By Sarah Meadow, Medill, Immigrant Connect                                                                               June 2021

Aishwarya Kumar sits at her desk in Hartford, CT, on the phone with her mother and sister, who are more than 7,000 miles away. The sports reporter in her often discusses the most recent game she’d covered.  But times are changing for her. She discusses Prime Minister Modi and Indian politics, while she works on her latest ESPN feature. She’s grown both as a journalist and as a person, questioning US and Indian policies and cultures through a wider lens.

Growing up in India, Kumar obtained her Bachelor’s at M.O.P Vaishnav College for Women in Chennai, India before immigrating to the United States at age 21 to continue her education and begin her work as a journalist.

Her relationship to her home country and her Indian identity have stirred up hardships since emigrating.

“I think I moved at a point where I very much had grown into a strong Indian woman. I am no longer in India, but feel very culturally Indian, look very Indian, she says. ” [Yet] I have a whole life here.”

Aishwarya Kumar

Feeling “torn” between her relationship to Indian and American politics, Kumar speaks openly about issues in both countries, citing her disagreement with right-wing Hindu nationalist politics as well as with the American immigration system.

“There’s always a stereotype that, once you leave, why and what are you trying to say [about India] is because you left,” Kumar says. “But you are still very much a part of that country as well.”

Having been in the United States for about six years, she feels that she’s been able to evolve to question the politics she covers.

“I come from a culture that’s very much confirmative, meaning you don’t ever question the status quo, but that’s not who I am,” Kumar says. “I’ve very much become the kind of person that questions everything that comes out of the system, including how the immigration system of the U.S. is set up.”

Kumar is on an O-1 visa, which is an immigration status conferred on those of “extraordinary ability” or those who’ve demonstrated “extraordinary achievement.” Aishwarya Kumar fits the criteria. She works for ESPN as a long-form feature writer.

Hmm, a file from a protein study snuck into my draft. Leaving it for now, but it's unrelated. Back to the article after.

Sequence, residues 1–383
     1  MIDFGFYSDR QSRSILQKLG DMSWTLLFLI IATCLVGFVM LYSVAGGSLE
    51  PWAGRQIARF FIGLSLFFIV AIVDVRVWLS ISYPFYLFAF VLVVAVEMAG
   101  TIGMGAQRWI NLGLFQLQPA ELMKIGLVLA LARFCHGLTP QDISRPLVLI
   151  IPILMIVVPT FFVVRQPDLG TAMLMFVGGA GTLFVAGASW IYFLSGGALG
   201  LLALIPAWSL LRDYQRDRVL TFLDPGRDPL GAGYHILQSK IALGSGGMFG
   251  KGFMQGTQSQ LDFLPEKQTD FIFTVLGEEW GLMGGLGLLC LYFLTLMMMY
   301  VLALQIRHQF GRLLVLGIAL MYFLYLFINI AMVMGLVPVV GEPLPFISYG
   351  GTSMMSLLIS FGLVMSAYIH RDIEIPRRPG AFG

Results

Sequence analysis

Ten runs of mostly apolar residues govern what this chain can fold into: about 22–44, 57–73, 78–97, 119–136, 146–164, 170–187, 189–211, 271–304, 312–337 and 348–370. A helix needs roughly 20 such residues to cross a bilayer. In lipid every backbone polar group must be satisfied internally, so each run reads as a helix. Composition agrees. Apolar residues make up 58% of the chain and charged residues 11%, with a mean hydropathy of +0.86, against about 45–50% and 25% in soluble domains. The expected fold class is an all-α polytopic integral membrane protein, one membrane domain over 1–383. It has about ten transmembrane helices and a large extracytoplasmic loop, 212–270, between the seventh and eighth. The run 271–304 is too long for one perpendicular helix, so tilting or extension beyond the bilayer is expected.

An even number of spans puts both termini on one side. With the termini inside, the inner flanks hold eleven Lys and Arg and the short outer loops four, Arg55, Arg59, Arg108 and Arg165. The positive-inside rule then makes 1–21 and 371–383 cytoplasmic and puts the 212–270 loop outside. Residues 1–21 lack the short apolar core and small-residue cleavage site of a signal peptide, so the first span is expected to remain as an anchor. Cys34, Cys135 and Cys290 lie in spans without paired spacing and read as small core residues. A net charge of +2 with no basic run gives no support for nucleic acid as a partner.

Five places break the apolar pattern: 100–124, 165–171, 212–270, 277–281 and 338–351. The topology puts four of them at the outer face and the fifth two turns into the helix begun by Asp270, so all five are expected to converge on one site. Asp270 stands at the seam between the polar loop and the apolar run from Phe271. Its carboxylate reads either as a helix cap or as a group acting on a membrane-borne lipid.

Though grateful for the visa, Kumar says it isn’t a fair way to designate who should be allowed to stay in the United States. Not everyone has these privileges.

“I have become less curious about sports and more curious about the people in sports and about what are those elements in that person’s story that makes them an important story to tell,” she says of what she’s learned and experienced through her time here. “There are themes of immigration, refugees, of culture, of religion. A lot of those themes that I personally have experienced in my life come through in my writing in the subjects that I pick just because of my experience and my perspective.”

Melissa Isaacson, one of her journalism professors and mentors at Medill-Northwestern where she got an MSJ, recalls her for her exceptional work ethic and passion. Isaacson says that Kumar was  “everything a teacher loves in a student.”

Kumar during the early days of her graduate school education at Medill, (Photo credit: A classmate)

“From the very first second that I met her, I was taken by her just extreme desire to learn, and her likability and her enthusiasm,” Isaacson says.

Jena Janovy, one of her senior deputy editors at ESPN, echoes this sentiment.

“I love reading Aish’s work because of how purposeful she is. From the moment she thinks of an idea to pre-reporting it, crafting a pitch, advocating for her idea, getting the green light and going,” she says,“she’s enthusiastic, passionate and determined to let her reporting find the story.”

Kumar no longer sees her path as linear.

“I’m trying to see the nuance of things not being so black and white,” she says. “I’m sort of pushing back against some of the norms that were so ingrained in me that I didn’t recognize,” she says. “Identity is such an ever-evolving and complicated process of trying to figure out who you are and what your purposes are and what you want to accomplish out of life.”

Kumar is early in her career at 27. She can see herself accomplishing much more in the United States, and takes experiences from her life in India with her as she matures and attains citizenship.